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The Media and Islam-o-mania: Gasoline for the Fire

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Breaking news, everybody: Sarah Palin posted something on Facebook! Responding to a Florida church’s plans to burn Korans on 9/11, she writes:

Book burning is antithetical to American ideals. People have a constitutional right to burn a Koran if they want to, but doing so is insensitive and an unnecessary provocation – much like building a mosque at Ground Zero.

Beyond the headline—Palin Denounces Koran-Burning—there’s a rhetorical move there you could have seen coming blindfolded: Palin, who jumped in early on the call to refudiate the proposed Islamic center near Ground Zero, now frames the proposed burning as being “much like” the center. The media loving a good easy equivalence, you can expect to see a lot of this—the contention, or simply the assumption, that burning a holy book is equivalent to building a house of worship where other people don’t want it.

What’s more, it’ll probably be successful. All you need is enough stories that use “Koran burning” and “Ground Zero mosque” (a misnomer, but a Google-friendly one) together, and the meme becomes, “See, we denounced this offensive thing; why can’t they give up that equally offensive thing?”

I don’t agree with that framing for many reasons—to take just one point, it’s not as if there’s an argument that Koran-burning would be more sensitive a few blocks away—but in any case one aspect of Palin’s comparison is right. The book-burning controversy and the mosque-building controversy are comparable—in that they are both largely creations of their media coverage.

First, the Park 51 Islamic center has been in the works for a long time. It was covered in the press last year without outrage. On Fox News in December, conservative commentator Laura Ingraham interviewed Daisy Khan, wife of the project’s imam, and told her that no one seemed to have a problem with the center and that “I like what you’re trying to do.” Then, about half a year later, a right-wing blogger and the New York Post decided that the project was, in fact, offensive. Whereupon various conservative politicians and pundits, Palin included, determined that they too were very offended, or at least that it was politically advantageous to be. (See Justin Elliott’s reporting in Salon for extensive details. Salon, for which I once worked, is admittedly a left-of-center outlet, but the timeline is the timeline.)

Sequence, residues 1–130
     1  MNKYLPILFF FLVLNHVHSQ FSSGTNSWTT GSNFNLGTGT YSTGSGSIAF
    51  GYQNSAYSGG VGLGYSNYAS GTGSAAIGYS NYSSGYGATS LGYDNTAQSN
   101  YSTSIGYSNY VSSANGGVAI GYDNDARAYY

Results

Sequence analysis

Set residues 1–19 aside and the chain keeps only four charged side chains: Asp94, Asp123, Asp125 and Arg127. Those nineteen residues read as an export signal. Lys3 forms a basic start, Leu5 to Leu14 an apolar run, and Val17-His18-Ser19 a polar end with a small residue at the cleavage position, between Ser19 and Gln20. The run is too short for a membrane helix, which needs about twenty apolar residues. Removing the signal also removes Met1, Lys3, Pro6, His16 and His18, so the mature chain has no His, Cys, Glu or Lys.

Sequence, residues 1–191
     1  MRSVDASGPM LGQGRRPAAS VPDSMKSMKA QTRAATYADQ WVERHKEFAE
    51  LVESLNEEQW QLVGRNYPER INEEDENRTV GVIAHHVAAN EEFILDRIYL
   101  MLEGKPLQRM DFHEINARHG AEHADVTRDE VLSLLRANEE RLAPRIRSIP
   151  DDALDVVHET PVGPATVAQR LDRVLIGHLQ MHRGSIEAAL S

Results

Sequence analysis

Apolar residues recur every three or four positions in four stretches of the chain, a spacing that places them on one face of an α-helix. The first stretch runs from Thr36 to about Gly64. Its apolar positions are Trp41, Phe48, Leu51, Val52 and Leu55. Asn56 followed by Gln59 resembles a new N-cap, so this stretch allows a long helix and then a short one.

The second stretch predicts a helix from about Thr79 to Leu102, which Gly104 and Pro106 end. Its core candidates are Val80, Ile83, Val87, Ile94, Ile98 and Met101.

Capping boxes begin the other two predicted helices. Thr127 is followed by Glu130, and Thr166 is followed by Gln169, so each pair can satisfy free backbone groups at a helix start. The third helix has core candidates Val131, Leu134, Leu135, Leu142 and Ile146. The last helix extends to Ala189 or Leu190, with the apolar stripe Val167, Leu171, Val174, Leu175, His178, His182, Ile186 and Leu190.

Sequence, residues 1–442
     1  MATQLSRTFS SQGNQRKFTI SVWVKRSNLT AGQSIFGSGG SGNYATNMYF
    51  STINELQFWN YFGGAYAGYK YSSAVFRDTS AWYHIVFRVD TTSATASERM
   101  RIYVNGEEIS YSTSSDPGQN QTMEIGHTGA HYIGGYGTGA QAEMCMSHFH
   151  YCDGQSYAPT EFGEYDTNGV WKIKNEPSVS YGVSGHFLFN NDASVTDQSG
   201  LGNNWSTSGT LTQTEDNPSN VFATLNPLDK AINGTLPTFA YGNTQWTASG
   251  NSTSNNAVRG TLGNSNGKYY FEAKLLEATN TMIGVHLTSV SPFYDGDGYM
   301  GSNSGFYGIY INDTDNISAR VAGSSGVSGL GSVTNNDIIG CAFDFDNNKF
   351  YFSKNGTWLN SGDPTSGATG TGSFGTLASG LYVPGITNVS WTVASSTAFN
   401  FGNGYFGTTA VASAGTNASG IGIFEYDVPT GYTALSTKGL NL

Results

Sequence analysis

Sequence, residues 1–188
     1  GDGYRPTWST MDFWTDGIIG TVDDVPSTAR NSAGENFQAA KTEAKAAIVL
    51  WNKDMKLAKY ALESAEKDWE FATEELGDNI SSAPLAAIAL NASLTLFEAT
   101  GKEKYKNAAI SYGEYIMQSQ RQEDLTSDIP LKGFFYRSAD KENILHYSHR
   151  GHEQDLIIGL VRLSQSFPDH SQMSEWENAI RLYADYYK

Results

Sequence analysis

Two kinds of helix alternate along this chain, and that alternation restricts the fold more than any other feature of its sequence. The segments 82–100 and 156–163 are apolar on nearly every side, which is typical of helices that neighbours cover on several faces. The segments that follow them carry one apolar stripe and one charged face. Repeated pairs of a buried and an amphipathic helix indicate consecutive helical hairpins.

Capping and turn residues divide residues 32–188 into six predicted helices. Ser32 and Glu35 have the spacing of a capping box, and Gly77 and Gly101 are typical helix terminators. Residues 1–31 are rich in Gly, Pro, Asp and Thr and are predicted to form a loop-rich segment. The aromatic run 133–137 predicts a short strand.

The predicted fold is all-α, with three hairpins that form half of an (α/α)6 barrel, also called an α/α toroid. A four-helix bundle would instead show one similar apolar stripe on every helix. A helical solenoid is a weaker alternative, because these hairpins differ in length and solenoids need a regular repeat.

The nonstory was suddenly a story because someone decided to make an issue of making it an issue. And you know where we went from there.

The plan by Pastor Terry Jones of Gainesville, Fla., to burn Korans on 9/11, meanwhile, got attention for a couple of sadly predictable reasons. First, because tiny groups of fringe idiots—hate protesters like Rev. Fred Phelps, flag burners—regularly get attention out of proportion to their significance, because they push people’s buttons and that means ratings and readers. (If I wanted to drive traffic to this blog, I’d just put “Ground Zero Mosque” and “Koran” in every headline, with the occasional “Bieber” thrown in.) And second, it coincided roughly with stories already in the media—thanks largely to the suddenly-a-controversy Islamic center—about Muslims, tolerance, religious freedom, terrorism, Islamophobia, people-believing-Obama-is-a-Muslim, and sundry other hot-button reliables.

In any case, I’m not sure that the media at this point can or should, as Palin advised Pastor Jones, “stand down.” This is, unfortunately, one of those cases in which, by having become news, the story is now making legitimate news. World leaders and military leaders have weighed in, there is real international attention to the story and the prospect of real-world, non-virtual protest and unrest if the burning goes on. Meanwhile, here in New York, anti-Park 51 protesters are bringing decommissioned missiles to Ground Zero. Because, you know, sensitivity.

In the meantime, Imam Feisal Abdul Rauf spoke on CNN about the plans last night. It’s worth hearing, if anybody is actually doing any listening to anyone else at this point.